Boyce Law Firm marks 140 years with focus on future workforce

Oct. 8, 2018

The banners are up on the windows at 11th Street and Main Avenue in downtown Sioux Falls proclaiming the news, but beyond that, one of South Dakota’s oldest law firms won’t be throwing itself a big celebration to mark 140 years in business.

Instead, Boyce Law Firm LLP is investing in the people who will be needed if the firm is to mark another century or more.

In honor of its 140th anniversary, the firm is funding several years of an experience-based course at the University of South Dakota School of Law.

“We thought it was a more meaningful gift, and it’s consistent with our goal of developing younger people,” said attorney Tom Welk, who has practiced at Boyce since 1979.

The firm recently completed a strategic planning process to chart its course while reflecting on the changing forces in the legal profession.

It was founded by Frank Boyce in 1878, who visited Sioux Falls, liked it and decided to move from Chicago. His brother, Jesse, later followed him and became an attorney. The firm has held various names over the years — Boyce & Boyce; Boyce, Murphy, McDowell & Greenfield; Boyce, Greenfield, Pashby & Welk; and finally Boyce Law Firm LLP in 2015.

The original office was in the Boyce-Greeley Building at 11th Street and Phillips Avenue. The firm spent many years in the Wells Fargo building at Ninth and Phillips before moving to the historic Wintersteen Chevrolet building at 11th and Main in 2012.

“One of the most key strategic decisions was moving here,” Welk said. “No one knew who we were in (the Wells Fargo building), and now it’s one of the better locations in town.”

The firm has grown from nine attorneys in 2003 to 22, increasing its litigation work and diversifying its practice areas.

Changing forces

The legal landscape is changing, both locally and broadly, Welk said.

There’s LegalZoom and other similar services, where people are going to draft a will or conduct basic business legal work.

“Millennials are less enthralled with paying people,” he said. “They want to go on the internet and download forms. If a millennial wants to do a will, they’re usually not talking to a lawyer. Long-term, we’re going to be fixing those issues (that can arise because of it).”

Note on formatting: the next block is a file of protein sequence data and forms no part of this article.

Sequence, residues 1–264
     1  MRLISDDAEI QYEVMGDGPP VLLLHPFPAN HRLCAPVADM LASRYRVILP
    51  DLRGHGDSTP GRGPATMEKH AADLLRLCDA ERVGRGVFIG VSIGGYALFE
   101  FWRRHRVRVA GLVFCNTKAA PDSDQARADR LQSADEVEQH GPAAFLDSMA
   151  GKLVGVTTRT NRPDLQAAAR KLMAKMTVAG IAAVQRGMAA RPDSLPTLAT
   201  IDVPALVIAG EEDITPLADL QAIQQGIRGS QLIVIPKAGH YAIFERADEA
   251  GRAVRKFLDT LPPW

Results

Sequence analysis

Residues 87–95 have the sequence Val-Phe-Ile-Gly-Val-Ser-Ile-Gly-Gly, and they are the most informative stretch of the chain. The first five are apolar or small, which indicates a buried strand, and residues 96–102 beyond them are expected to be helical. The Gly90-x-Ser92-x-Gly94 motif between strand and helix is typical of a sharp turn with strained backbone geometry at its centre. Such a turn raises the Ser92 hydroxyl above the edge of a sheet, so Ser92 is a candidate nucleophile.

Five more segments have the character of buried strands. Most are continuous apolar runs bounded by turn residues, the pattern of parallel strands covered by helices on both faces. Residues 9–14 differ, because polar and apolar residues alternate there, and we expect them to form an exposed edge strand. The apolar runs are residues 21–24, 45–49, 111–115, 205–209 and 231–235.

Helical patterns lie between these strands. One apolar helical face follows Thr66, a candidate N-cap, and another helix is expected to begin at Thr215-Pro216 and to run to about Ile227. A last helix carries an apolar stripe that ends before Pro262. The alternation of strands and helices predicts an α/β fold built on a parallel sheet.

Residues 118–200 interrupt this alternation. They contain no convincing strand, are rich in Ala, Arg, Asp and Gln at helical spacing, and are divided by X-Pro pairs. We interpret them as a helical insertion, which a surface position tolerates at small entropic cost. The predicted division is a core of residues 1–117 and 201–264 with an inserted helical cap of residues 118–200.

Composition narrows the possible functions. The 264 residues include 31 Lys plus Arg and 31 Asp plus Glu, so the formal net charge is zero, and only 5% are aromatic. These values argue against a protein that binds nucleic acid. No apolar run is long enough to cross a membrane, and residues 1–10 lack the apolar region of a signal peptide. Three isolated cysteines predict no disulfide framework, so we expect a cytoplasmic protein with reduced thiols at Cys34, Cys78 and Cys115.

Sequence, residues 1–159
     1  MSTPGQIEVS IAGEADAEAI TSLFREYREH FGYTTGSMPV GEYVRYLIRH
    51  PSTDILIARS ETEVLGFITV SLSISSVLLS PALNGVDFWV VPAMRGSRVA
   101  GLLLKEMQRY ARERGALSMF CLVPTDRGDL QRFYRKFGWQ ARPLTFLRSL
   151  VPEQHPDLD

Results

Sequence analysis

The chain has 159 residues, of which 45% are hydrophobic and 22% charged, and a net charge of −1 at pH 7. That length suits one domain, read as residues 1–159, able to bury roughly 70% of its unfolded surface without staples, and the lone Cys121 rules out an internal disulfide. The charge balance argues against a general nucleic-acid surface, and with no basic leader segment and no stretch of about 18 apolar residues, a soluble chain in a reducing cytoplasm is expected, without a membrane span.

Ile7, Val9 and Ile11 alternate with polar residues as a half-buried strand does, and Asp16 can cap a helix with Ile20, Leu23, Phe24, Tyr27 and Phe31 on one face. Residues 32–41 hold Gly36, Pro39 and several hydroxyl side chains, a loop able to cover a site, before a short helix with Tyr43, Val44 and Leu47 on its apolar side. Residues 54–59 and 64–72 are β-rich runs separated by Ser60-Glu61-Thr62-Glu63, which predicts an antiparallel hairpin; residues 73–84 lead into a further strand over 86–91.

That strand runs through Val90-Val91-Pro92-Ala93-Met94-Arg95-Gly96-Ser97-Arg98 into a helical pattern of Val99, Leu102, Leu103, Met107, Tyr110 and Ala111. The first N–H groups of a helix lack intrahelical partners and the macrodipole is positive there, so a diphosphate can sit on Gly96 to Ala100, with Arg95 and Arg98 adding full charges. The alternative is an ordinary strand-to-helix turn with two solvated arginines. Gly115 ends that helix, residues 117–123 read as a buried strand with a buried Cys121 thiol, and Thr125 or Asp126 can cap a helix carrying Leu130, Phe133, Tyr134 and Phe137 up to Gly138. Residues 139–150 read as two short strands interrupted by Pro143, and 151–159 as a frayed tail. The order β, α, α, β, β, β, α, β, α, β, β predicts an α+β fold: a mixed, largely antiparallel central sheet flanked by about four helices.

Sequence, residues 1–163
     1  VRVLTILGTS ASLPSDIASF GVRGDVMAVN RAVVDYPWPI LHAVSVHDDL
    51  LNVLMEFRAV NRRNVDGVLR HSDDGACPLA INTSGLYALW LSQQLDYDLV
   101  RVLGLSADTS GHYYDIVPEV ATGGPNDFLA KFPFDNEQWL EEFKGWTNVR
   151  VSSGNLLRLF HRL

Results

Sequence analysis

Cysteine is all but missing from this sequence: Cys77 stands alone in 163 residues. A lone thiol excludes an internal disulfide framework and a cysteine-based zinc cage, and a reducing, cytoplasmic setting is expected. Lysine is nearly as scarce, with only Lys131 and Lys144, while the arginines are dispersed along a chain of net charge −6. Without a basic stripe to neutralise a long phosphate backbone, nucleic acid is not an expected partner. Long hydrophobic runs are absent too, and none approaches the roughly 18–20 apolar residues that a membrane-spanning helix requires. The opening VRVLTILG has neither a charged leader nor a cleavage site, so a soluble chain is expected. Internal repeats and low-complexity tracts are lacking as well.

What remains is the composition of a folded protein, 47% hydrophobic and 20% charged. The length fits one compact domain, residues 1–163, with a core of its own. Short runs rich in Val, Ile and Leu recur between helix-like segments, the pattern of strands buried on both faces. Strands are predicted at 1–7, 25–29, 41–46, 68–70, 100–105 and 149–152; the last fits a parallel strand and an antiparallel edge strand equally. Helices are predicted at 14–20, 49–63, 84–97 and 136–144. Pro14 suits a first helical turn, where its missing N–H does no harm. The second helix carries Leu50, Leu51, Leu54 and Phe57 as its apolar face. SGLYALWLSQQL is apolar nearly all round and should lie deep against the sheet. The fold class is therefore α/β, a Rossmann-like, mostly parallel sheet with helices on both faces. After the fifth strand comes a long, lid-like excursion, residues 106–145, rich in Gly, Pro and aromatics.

The Sioux Falls market also has seen an increased presence from out-of-state firms as well as more businesses employing their own lawyers instead of using firms.

“You ask where their clients are, and they’re really not in South Dakota,” Welk said. “They have some, but they’re a back office to larger firms, which is fine. To us, it’s a competitive challenge.”

The firm’s approach to succession planning has involved both people development and a focus on which practice areas are sustainable or growing, he said.

That leads directly back to the law school, where bar passage rates turned around last year after dropping precariously for several before that.

About 70 percent of its graduates remain in South Dakota, which is also an improvement from where it had been, Welk said.

“I think men and women are figuring out what it costs to go to law school and then seeing the employment opportunities, and what’s been coming in South Dakota are people who see South Dakota as a good value, but they’re not from South Dakota, so they’re going back to their home states.”

Developing talent

South Dakota also has imported graduates, though. A survey of Boyce Law Firm found its attorneys are split between USD and University of Nebraska alumni.

“It is absolutely necessary for the law school to have friends like Boyce,” said the law school’s dean, Thomas Geu, adding the firm is known for its “integrity, customer care, professionalism and honesty.”

Welk, who has helped teach at the school for decades, was instrumental in developing the course Boyce now is helping fund.

It’s a practical drafting class, where law students take a hands-on approach to work on everything from writing wills to dealing with divorce cases as they work on hypothetical projects.

“This really pre-dated much of the national movement to more experiential learning,” Geu said.

In past eras, law students would receive more mentoring and teaching at firms after graduation. Now, many don’t stay very long at one place or go right into business for themselves in smaller communities.

“So we, together with firms like Boyce, have rediscovered the necessity of providing more experiential learning, kind of like a medical residency,” Geu said. “And those kinds of skills are best taught by actually doing cases or projects that you would do in practice.”

The Boyce Law Firm is taking a more intentional development approach with new attorneys, Welk said.

“We have developed a more formal associate training program,” he said. “We want them to feel comfortable with what they’re doing. We want to be nimble in our culture. You don’t see a lot of ties around here — obviously, when we go to court or with certain clients, but this is the culture of today. It’s a different world.”

The firm also has focused on areas of practice including estate planning and professional liability cases.

“We defend doctors, lawyers, engineers, and that’s been a broad area where we do a lot of work,” Welk said.

The hope is that by hiring strong lawyers with local ties and investing in developing them, the firm will be able to retain them and build on its legacy, he added.

“The 140 years is important, but young people want to know where you’re going to go for the next four or five,” Welk said. “But it does provide the stability. We’re not going away.”

Boyce Law Firm marks 140 years with focus on future workforce

Boyce Law Firm is marking 140 years by investing in the future of its firm and others.

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